Great Courses: Watercolor

Work In Progress

This post is a work in progress. I am posting now, rather than waiting until I have more things to report, because I have gotten three questions about this course in the last week. I thought that it might make sense to put something quick and dirty up now and then plan to update when we have finished the course.

Last month I purchased a Craftsy watercolor painting course from The Great Courses Company when it was on sale. After the initial setup lectures, we are watching one lecture per week on Fridays and then painting two or three times a week to build up our skill.

So far, Kateri Ewing’s “Painting With Watercolors” is perfect for my family. Ewing presumes that the viewer knows absolutely nothing about watercolor painting (Great! We know nothing!) and leads us through the jargon, supplies, and technique of this beautiful artistic medium. She is friendly, clear, and generally a very good teacher.

Ewing’s target audience is probably a group of adults who are interested in developing a hobby. As such, the supplies she recommends are appropriate to someone who has the money and flexibility to invest in what could be a solid foundation of future painting. As a mother of three small children, the material costs were prohibitive for our purposes. I do not want to handicap my children by giving them inadequate tools, but I also don’t expect my six year old to truly care for his brushes as an adult would. I took to Facebook to ask my artist friends what they would recommend. Their advice was golden and their recommendations have served us well.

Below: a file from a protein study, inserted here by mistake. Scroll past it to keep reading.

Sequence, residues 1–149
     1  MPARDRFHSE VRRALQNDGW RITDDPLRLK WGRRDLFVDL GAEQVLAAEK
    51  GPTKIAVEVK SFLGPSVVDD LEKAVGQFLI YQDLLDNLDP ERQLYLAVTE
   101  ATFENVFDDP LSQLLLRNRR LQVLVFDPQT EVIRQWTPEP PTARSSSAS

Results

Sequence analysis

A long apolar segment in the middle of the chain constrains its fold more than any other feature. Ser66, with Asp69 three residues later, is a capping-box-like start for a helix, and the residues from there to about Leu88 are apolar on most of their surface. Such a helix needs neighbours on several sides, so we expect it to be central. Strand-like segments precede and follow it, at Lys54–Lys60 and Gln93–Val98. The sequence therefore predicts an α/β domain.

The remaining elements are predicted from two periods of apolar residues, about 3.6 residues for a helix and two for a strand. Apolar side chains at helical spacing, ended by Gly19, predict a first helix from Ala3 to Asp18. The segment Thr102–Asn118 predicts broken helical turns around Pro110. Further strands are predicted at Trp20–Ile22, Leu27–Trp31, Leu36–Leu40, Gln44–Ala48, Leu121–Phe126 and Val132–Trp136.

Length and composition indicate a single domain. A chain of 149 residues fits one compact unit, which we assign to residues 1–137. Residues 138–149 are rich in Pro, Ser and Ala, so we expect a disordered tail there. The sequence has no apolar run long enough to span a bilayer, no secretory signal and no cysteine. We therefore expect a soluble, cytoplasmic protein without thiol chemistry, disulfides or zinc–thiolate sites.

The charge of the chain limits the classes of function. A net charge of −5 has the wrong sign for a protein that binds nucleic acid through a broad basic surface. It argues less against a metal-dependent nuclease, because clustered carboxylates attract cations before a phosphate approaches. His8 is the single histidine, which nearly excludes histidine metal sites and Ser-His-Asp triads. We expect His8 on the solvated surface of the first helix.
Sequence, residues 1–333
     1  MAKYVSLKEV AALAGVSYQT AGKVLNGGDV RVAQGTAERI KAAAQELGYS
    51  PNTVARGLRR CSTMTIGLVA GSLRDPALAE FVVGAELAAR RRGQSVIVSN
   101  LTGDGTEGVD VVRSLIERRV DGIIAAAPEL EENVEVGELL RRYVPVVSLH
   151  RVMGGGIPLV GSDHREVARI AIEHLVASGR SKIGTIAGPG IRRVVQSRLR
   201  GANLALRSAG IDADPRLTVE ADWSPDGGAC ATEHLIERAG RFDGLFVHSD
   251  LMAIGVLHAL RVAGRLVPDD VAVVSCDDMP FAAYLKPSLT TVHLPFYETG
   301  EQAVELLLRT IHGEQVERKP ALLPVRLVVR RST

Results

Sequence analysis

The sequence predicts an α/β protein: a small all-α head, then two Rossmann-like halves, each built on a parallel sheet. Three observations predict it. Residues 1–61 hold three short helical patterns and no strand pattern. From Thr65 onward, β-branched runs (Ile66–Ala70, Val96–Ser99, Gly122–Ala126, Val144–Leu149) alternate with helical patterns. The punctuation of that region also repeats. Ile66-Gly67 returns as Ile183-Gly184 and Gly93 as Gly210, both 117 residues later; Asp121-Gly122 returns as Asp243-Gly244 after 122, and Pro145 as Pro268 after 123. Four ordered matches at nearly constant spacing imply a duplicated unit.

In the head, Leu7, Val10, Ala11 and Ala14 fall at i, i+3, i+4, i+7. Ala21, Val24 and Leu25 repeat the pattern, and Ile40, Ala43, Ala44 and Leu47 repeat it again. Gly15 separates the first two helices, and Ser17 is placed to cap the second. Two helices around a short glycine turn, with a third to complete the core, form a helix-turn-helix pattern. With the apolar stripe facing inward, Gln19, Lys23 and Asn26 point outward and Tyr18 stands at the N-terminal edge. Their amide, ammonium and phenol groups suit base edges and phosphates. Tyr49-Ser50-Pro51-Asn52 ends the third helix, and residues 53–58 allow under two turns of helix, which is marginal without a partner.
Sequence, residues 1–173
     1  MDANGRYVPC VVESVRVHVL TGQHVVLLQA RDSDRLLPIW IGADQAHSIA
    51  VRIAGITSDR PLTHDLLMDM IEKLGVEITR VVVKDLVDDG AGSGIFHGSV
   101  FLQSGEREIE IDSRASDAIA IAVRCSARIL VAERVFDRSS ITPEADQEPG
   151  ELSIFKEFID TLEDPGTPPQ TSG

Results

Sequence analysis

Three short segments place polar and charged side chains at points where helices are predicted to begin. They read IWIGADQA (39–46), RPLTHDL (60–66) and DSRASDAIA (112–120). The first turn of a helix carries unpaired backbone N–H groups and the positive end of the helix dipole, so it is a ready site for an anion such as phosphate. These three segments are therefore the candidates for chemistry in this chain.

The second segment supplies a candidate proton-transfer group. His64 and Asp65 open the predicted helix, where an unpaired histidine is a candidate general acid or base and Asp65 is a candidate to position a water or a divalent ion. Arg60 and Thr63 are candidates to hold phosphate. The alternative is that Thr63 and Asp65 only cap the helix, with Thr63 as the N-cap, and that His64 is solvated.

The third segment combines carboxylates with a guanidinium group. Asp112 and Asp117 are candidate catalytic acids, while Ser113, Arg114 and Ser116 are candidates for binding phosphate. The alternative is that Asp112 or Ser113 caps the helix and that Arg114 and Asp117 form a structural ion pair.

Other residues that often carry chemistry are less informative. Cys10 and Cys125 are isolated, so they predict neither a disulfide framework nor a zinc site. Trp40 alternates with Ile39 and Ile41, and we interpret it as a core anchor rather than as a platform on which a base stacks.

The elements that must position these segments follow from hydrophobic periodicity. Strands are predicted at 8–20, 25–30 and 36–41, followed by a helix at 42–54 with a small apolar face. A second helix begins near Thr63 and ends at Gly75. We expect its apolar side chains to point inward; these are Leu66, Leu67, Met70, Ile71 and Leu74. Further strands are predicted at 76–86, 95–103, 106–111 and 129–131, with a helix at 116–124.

Paint: it would be really nice to be able to color match the video perfectly. However, the paint she recommends is anywhere from $7-12 per tube. My friends recommended a student grade paint that will serve us well until we have more skill. I bought one set of this paint and plan to just get close enough (in terms of color matching) for this school year.

Paper: I think that Ewing is right about the paper. So, we purchased this double pack and use 1 sheet per person per week for skill work. For practice and play, we use economical bond paper. It isn’t perfect, but since there are 4 of us painting, I needed to compromise on the  play paper.

Brushes: I splurged on brushes. I think that brushes will make or break our experience. So, I bought several packs of these and each of us use one flat brush and one round brush. As we go on we may need to get smaller brushes. I will wait and see. These brushes are very luxurious for student brushes and they have performed very well for us beginners.

So far, the course has been nothing but fun! I will do an in-depth review in a few months when we have completed it.